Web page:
In a way this field, called geochronology, is some of the purest detective work earth scientists do.There are two basic approaches: relative age dating, and absolute age dating.
This is because archaeologists, historians and scientists are always discovering new ways of looking at objects that are discovered.
Relative age dating also means paying attention to crosscutting relationships.
Say for example that a volcanic dike, or a fault, cuts across several sedimentary layers, or maybe through another volcanic rock type.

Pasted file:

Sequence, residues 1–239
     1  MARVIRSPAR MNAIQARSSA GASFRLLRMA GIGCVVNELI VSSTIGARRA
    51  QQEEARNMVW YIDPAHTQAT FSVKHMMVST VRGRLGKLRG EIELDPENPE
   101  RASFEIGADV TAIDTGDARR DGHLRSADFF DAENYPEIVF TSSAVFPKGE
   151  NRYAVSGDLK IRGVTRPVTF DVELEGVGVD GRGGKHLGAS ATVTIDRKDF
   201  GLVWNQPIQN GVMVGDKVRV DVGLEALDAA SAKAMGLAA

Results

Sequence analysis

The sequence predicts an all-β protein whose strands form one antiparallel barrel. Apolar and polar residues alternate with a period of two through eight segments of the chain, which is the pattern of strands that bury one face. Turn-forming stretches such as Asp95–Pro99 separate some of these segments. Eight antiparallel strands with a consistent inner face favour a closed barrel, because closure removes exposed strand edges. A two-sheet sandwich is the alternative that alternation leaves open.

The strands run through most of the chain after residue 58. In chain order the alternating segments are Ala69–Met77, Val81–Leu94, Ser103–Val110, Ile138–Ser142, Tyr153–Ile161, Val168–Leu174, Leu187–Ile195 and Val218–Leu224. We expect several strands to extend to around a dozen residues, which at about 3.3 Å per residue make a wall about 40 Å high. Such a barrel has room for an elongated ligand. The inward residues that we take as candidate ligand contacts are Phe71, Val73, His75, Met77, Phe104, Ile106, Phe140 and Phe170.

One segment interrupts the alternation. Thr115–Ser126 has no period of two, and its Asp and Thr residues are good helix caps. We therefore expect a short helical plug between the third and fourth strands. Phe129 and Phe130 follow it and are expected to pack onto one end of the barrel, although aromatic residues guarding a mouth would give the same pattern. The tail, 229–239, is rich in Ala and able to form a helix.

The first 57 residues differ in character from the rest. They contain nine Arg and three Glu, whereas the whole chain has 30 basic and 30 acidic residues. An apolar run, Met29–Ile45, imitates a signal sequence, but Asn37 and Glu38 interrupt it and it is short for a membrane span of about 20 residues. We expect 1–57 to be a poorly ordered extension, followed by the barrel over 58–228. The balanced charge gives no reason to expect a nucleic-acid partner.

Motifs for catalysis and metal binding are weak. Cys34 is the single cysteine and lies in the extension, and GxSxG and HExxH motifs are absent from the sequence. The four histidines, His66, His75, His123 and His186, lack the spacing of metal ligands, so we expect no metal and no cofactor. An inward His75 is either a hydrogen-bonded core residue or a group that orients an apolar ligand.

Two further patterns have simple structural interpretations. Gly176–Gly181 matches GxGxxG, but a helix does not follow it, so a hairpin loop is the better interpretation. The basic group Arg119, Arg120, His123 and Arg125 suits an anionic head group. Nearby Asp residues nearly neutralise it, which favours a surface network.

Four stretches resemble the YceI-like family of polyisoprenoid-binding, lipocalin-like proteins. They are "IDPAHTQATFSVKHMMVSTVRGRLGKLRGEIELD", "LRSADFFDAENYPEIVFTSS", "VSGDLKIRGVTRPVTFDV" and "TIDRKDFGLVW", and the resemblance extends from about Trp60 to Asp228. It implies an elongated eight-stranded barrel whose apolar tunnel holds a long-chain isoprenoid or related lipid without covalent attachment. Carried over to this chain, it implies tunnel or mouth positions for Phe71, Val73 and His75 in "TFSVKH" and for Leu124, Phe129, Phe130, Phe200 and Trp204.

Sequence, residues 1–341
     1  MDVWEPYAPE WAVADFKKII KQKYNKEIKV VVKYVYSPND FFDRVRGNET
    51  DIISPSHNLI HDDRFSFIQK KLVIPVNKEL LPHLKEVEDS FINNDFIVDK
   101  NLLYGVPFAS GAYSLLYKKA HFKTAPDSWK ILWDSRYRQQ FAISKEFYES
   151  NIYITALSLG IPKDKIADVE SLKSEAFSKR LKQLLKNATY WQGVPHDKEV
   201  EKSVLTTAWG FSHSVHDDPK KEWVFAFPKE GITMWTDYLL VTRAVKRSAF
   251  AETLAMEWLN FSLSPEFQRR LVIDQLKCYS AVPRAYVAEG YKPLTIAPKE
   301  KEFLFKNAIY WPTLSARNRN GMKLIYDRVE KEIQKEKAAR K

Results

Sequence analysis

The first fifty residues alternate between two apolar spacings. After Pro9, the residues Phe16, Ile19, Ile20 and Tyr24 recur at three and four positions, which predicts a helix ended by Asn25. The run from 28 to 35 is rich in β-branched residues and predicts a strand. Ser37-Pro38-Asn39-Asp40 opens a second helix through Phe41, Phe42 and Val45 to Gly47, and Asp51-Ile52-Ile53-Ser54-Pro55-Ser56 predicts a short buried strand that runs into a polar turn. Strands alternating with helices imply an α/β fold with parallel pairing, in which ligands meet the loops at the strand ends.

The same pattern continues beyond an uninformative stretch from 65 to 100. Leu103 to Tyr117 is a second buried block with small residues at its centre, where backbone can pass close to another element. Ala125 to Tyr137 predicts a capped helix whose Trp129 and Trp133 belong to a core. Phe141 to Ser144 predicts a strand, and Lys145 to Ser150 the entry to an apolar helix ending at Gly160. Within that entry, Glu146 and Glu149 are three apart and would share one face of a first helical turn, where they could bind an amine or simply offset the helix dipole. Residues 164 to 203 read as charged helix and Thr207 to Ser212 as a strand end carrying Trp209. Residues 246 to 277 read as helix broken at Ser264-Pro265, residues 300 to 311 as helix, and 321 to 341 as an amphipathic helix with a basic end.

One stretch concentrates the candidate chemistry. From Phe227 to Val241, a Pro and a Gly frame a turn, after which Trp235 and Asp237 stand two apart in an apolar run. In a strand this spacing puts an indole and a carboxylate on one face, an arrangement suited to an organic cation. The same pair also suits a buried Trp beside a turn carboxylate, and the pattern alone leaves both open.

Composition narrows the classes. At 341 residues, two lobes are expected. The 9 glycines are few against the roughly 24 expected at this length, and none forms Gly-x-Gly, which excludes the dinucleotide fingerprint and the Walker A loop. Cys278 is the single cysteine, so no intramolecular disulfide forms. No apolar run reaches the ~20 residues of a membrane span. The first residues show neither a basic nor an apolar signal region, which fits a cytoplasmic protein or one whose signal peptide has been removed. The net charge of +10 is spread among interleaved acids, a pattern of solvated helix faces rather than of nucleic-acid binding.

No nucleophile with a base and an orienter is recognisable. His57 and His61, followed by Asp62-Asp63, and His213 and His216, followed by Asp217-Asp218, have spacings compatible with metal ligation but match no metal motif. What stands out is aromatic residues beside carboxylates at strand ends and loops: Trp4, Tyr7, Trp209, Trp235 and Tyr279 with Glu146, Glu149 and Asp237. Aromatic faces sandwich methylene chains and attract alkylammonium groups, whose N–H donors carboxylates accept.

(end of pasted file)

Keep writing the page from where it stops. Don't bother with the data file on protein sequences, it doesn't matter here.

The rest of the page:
All living things have the same percentage of carbon-14 in them, but when they die the level starts going down.
Scientists can measure the level of something which used to be alive and work out when it died.